Senator Sharon’s suit against Sarah Althea Hill concluded in December 1885. The federal court had spent more than a year going over the same ground that the superior court of California had thoroughly dug up in 1884 and Judge Deady came to the opposite conclusion of Judge Sullivan. He ruled that there had never been a marriage between Sharon and Miss Hill. The marriage contract was a forgery and the “Dear Wife” letters had nothing wifely about them.
The former senator and wealthy man about town was deprived of the satisfaction of this vindication. In November 1885, a month before the judge gave his decision, rich old William Sharon passed away. Allie now claimed to be his widow, but under the court ruling, Allie was neither wife nor widow.
The judge came down hard on Allie. He found her conduct to be “contumacious, frivolous, and contradictory” and her testimony “reckless, improbable and false.” Nellie Brackett recanted her testimony and said that she had helped to forge the documents. As far as Judge Deady was concerned, Allie was a fraudulent adventuress.
Allie shed no tears for the man she had claimed as husband. The decision was no sooner handed down than she married David S. Terry, one of her attorneys, Together they continued to fight for her right to half of Sharon’s considerable property. Appeals were filed in both courts against both rulings, for and against her. Allie could still hope that someday she would profit from the whole vexatious kerfuffle.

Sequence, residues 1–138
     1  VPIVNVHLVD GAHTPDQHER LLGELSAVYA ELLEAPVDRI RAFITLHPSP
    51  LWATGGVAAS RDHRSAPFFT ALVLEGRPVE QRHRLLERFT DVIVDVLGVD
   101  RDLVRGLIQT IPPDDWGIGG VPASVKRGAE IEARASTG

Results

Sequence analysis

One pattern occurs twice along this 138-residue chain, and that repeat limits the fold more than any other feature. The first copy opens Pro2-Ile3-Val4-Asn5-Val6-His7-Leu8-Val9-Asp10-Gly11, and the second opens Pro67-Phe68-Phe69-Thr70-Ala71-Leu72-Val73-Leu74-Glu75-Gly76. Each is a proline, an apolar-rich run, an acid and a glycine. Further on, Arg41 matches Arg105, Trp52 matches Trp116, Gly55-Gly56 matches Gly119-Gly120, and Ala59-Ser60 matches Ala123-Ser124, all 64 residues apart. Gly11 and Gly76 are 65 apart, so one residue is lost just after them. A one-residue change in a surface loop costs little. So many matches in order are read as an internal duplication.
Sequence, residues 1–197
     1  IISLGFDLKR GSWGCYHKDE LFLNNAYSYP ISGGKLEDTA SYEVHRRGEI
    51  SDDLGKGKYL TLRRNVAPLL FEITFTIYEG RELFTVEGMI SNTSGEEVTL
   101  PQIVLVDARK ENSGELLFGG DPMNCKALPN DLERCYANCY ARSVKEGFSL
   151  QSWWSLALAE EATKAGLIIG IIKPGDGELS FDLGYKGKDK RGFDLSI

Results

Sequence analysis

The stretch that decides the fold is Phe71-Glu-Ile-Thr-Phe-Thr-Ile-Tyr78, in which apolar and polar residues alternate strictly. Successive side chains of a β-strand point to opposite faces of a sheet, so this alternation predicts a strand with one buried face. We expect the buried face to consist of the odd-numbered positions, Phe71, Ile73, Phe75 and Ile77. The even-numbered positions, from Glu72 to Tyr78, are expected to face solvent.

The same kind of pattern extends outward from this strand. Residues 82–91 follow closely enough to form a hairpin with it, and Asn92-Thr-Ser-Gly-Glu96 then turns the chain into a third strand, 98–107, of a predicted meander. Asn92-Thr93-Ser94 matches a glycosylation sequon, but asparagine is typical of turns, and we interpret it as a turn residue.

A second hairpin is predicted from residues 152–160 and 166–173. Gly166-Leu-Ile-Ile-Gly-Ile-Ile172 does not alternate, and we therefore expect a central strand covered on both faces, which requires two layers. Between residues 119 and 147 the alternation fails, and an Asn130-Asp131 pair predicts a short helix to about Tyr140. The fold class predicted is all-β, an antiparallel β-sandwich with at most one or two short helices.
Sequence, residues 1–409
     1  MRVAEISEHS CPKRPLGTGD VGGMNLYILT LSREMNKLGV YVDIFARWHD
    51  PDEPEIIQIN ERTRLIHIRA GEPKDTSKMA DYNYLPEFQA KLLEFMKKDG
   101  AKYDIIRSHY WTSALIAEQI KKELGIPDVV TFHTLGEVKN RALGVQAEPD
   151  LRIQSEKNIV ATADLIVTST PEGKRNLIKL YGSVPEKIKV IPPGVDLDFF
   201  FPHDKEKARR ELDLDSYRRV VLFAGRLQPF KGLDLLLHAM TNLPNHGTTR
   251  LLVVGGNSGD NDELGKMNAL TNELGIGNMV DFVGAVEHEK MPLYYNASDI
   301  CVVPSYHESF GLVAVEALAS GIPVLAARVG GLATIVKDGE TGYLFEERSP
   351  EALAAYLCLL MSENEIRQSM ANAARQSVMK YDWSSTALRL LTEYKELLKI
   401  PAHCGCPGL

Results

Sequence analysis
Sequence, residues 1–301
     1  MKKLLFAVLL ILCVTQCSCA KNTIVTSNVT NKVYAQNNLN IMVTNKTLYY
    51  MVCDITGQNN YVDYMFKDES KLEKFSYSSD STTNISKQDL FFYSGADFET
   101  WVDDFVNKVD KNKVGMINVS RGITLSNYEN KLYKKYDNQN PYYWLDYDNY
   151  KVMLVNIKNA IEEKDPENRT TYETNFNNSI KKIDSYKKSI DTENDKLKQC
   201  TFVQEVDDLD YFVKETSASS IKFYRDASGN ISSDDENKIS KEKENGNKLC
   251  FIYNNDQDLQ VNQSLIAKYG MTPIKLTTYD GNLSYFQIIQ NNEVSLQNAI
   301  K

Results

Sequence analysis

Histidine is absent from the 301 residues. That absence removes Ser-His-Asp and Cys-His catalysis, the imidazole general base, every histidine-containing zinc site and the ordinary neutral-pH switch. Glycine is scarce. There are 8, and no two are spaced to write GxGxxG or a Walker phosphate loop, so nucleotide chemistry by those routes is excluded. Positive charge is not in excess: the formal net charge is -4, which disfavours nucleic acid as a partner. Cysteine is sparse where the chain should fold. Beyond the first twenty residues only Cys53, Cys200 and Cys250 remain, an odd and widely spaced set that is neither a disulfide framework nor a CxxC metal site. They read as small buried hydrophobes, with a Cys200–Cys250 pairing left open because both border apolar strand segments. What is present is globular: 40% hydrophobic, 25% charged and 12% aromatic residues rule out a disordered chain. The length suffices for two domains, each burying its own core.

In the meantime, she was legitimately Mrs. David S. Terry, married by a Catholic priest at St. Mary’s Church in Stockton on January 7th, 1886, less than two weeks after the end of the federal case. This wedding came complete with witnesses, a public ceremony, a marriage certificate, and a ring. There would be nothing secret or contentious about this marriage. The bride was thirty-two years old; the groom was sixty-two.
David Terry was a man who, as a newspaper reporter stated, was “both feared and respected throughout the San Joaquin Valley.” He had a large ranch near Fresno, a handsome home in Stockton, and a successful career as a politician and attorney. His wife had died the previous year, and over the course of the Sharon v. Sharon trial, he had become close to his attractive, if volatile, young client.
He was famous as a former California Supreme Court Justice and a tough fighter in a courtroom. But what made him notorious was the second most famous duel in American history.
Next: A Look Back at the Terry-Broderick Duel